In collecting material for these volumes, most of those of whom we solicited facts have expressed themselves deeply interested in our undertaking, and have gladly contributed all they could, feeling that those identified with this reform were better qualified to prepare a faithful history with greater patience and pleasure, than those of another generation possibly could.
A few have replied, "It is too early to write the history of this movement; wait until our object is attained; the actors themselves can not write an impartial history; they have had their discords, divisions, personal hostilities, that unfit them for the work." Viewing the enfranchisement of woman as the most important demand of the century, we have felt no temptation to linger over individual differences. These occur in all associations, and may be regarded in this case as an evidence of the growing self-assertion and individualism in woman.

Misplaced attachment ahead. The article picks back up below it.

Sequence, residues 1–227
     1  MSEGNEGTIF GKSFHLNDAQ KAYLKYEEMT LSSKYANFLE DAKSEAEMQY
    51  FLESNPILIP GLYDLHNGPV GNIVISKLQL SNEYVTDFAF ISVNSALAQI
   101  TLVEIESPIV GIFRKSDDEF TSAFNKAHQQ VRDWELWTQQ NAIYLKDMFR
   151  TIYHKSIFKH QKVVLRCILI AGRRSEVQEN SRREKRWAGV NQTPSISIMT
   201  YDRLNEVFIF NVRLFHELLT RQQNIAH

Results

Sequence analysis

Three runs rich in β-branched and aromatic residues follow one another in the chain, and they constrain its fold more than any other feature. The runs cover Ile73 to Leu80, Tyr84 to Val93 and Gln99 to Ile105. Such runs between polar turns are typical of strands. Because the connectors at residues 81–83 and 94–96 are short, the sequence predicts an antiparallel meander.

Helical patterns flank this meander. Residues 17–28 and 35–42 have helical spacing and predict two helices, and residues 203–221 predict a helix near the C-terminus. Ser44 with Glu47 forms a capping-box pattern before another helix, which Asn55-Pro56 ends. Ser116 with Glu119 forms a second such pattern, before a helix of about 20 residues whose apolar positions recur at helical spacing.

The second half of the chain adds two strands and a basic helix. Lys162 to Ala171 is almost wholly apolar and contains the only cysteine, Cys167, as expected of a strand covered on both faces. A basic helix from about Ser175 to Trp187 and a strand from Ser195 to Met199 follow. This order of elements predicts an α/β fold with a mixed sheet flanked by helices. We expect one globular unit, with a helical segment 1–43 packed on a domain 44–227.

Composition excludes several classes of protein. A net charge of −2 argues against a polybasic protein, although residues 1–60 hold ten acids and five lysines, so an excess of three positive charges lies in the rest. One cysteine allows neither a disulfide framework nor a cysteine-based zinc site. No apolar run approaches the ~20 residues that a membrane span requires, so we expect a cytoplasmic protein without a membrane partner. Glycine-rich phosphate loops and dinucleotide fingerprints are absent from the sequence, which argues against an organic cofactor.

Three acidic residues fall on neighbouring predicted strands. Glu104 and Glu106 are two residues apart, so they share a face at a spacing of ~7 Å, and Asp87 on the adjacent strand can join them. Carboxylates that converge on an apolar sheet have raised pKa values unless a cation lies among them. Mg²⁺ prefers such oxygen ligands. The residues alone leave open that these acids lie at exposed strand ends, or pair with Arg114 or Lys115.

Woven with the threads of this history, we have given some personal reminiscences and brief biographical sketches. To the few who, through ill-timed humility, have refused to contribute any of their early experiences we would suggest, that as each brick in a magnificent structure might have had no special value alone on the road-side, yet, in combination with many others, its size, position, quality, becomes of vital consequence; so with the actors in any great reform, though they may be of little value in themselves; as a part of a great movement they may be worthy of mention--even important to the completion of an historical record.
To be historians of a reform in which we have been among the chief actors, has its points of embarrassment as well as advantage.